Radial balance strikes a compromise between stability and movement, as it can draw attention to a central point but also invite the viewer to look back outward.

4. Visual Weight

Each element in a design carries its own visual weight, determined by factors such as size, color, contrast, texture, and complexity. Visual weight is another way of saying how eye-catching an element is; the more vibrant its color, high-contrast, or large it is, the more it will command attention. To achieve balance, distribute visual weight evenly throughout the composition. Balance heavier elements with lighter ones to create a harmonious equilibrium, bearing in mind that even if one element is smaller than another, it may command just as much attention if other factors help it stand out, such as color and contrast.

While larger elements can be the most eye-catching, other factors like brightness, color, and contrast, can also attract the eye and help the composition not feel entirely one-sided.

5. Grid Systems

Utilizing grid systems provides a structural framework that helps achieve balance and organization. Grids help maintain alignment and consistency so that even disparate styles of elements can be brought together in a cohesive and visually pleasing layout. Grids are an especially good idea to incorporate if you’re designing something with a higher density of information, such as a layout for a magazine or newspaper article.

Visual showing how to use grid systems in design as a top tip to create better balance and visual hierarchy in a graphic design
Grid systems are best for larger quantities of information and content. Headlines, images, and paragraphs of text require a higher degree of visual organization, so arraying them in “bite-sized chunks” with a clear grid-based alignment allows them to be scannable and therefore more digestible.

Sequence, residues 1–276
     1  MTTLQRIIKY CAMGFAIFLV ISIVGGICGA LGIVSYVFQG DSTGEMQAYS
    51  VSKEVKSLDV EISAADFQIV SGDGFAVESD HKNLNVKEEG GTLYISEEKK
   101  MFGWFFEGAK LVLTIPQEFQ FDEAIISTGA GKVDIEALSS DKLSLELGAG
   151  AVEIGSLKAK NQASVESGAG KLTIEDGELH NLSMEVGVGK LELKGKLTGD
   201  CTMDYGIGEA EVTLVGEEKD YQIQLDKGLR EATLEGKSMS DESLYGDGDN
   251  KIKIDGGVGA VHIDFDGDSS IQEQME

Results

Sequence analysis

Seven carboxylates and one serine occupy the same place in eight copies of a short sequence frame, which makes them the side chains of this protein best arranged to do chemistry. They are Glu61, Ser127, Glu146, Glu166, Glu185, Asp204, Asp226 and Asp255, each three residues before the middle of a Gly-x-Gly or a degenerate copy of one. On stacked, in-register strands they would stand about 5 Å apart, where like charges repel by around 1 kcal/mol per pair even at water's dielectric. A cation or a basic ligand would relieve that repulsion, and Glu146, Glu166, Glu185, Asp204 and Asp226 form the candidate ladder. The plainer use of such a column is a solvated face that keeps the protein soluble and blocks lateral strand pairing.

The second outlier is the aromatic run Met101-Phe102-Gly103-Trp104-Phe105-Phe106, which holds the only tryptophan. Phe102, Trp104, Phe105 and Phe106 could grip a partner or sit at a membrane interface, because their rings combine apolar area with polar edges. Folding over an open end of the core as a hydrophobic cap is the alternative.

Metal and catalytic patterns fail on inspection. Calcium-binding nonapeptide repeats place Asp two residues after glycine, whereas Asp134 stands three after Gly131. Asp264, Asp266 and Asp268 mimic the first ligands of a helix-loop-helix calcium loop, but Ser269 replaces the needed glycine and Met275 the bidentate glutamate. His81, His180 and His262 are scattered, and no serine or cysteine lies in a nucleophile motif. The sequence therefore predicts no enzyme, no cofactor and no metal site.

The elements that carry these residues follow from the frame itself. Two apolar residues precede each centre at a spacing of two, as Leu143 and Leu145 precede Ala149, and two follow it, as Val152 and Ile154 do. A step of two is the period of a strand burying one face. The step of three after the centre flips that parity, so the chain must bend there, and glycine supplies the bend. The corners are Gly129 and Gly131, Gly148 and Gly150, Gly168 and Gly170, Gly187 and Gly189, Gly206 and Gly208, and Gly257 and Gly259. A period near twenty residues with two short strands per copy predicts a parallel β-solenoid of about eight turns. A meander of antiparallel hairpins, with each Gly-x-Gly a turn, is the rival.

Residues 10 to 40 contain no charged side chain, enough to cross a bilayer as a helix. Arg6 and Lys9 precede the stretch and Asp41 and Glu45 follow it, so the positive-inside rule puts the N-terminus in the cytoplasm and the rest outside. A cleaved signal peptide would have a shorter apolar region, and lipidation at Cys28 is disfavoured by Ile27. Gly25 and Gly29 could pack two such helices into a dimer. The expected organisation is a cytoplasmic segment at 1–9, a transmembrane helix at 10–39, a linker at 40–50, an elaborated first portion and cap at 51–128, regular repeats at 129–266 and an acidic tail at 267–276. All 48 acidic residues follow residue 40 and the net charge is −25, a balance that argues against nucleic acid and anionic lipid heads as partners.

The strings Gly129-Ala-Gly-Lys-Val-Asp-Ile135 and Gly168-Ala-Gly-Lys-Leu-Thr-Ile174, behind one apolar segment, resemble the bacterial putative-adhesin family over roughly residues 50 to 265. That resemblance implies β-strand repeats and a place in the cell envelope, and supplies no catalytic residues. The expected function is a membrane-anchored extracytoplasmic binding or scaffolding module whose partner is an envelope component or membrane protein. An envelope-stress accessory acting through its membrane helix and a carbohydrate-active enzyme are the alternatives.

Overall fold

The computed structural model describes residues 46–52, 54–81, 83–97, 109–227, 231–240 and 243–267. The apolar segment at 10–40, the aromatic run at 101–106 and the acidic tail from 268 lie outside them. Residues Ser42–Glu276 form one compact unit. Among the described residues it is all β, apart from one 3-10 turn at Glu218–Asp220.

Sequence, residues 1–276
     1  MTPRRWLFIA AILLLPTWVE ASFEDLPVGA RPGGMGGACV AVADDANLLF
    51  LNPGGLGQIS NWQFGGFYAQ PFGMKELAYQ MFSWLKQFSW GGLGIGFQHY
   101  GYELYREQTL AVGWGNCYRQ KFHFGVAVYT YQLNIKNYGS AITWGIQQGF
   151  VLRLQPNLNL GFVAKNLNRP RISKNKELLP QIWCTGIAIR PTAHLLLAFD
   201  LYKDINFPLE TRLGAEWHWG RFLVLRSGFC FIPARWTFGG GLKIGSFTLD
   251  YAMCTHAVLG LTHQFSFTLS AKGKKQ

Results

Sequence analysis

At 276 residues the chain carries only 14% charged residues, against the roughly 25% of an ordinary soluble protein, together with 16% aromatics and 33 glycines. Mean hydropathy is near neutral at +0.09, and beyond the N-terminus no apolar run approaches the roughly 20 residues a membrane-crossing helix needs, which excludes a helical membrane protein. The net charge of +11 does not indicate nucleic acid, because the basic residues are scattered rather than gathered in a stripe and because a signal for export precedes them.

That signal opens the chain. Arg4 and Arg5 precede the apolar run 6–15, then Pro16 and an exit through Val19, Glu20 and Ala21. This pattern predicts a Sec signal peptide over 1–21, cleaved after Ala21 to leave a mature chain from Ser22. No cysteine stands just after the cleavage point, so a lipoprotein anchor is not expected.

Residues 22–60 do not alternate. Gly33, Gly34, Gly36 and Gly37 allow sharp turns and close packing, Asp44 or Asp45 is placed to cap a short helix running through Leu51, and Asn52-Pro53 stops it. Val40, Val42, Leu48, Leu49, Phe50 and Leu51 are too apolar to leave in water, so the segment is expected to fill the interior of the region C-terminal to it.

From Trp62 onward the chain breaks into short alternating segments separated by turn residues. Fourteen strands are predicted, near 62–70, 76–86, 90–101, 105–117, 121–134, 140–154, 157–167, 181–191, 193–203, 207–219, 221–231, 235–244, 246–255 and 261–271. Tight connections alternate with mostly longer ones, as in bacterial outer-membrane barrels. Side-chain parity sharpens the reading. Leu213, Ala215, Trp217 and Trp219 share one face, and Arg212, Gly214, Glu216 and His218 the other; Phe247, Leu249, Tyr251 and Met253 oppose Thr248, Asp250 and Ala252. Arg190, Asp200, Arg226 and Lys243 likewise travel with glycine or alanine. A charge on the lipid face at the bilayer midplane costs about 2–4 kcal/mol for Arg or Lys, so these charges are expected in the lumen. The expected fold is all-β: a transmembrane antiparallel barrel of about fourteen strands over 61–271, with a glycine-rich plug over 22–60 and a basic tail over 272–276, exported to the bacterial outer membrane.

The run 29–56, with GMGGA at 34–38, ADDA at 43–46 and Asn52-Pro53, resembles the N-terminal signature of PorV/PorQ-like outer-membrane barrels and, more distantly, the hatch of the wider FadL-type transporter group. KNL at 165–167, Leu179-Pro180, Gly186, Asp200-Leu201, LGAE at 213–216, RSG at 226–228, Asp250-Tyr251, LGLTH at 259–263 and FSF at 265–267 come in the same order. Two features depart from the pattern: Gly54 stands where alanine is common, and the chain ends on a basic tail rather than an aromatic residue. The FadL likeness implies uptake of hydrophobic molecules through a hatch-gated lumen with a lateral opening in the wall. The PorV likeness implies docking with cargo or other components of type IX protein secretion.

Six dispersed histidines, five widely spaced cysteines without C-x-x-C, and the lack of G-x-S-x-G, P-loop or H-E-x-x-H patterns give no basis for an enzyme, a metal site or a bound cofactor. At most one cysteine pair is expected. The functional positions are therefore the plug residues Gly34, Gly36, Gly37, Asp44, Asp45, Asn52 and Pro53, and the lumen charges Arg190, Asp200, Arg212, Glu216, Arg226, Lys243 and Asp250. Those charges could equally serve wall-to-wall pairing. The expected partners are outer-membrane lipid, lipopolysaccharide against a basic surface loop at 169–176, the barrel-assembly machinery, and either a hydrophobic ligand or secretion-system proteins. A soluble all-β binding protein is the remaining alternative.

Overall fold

6. Scale and Proportion

Pay attention to the scale and proportion of elements within your design. Avoid overcrowding by resizing or eliminating unnecessary elements. Experiment with scale to create contrast and hierarchy, ensuring that each element contributes meaningfully to the overall composition.

Tip: Want to learn more about creating hierarchy through scale and proportion? Read our hierarchy tutorial.

7. White Space

Using negative space in design, also known as white space, will make your design more digestible. Oftentimes, beginning designers are mostly concerned with including all possible information in their designs, by any means necessary, when it’s better to prioritize key information and allow it to be the sole focus. This also means that designs can appear cluttered, without giving the eye space to rest. The importance of white space in graphic design is that it allows sufficient breathing room around elements to promote clarity (and no, it doesn’t have to actually be white; any negative space that appears “blank” will provide this breathing room around the focal elements).

At left, a canvas packed wall-to-wall with information becomes “busy” and cluttered as the eye isn’t sure where to rest. At right, bringing white space into your design will break up the composition so each element has “room to breathe” and becomes a naturally stopping point for the eye to focus.

8. Visual Flow and Movement

Consider the natural flow of the viewer’s gaze when arranging elements within your design. As you add and distribute different elements, you’ll naturally create pathways that lead the eye from one focal point to another, guiding the viewer through your intended sequence of information. The flow, or movement, of your composition is a result of what system of hierarchy you deploy – and how you use arrangement and people’s natural inclinations to read left-to-right, and top-to-bottom, to move across each piece of information.

The combination of placement and hierarchy can create a visual flow of information, guiding the viewer’s eyes on along a path. Think about how both the scale of various elements, and their proximity to one another, will dictate how the eye moves across the page.

9. Experimenting and Using Your Intuition

Don’t be afraid to experiment with different layouts, arrangements, and compositions. While learning the principles of design can help us develop of framework of understanding what works well and what doesn’t, it’s ultimately your gut feeling that will tell you whether a composition looks off balance or isn’t packing a certain punch. Keep refining and iterating (and don’t be afraid to ask others for feedback!) until you achieve a balance that feels visually satisfying and effectively communicates your message.


Looking for more design tips and tutorials? Read more DIY and Graphic Design articles on our blog.

Jeremy Elliott
Jeremy Elliott

Marketing Communications Manager at Noun Project, Designer and Illustrator.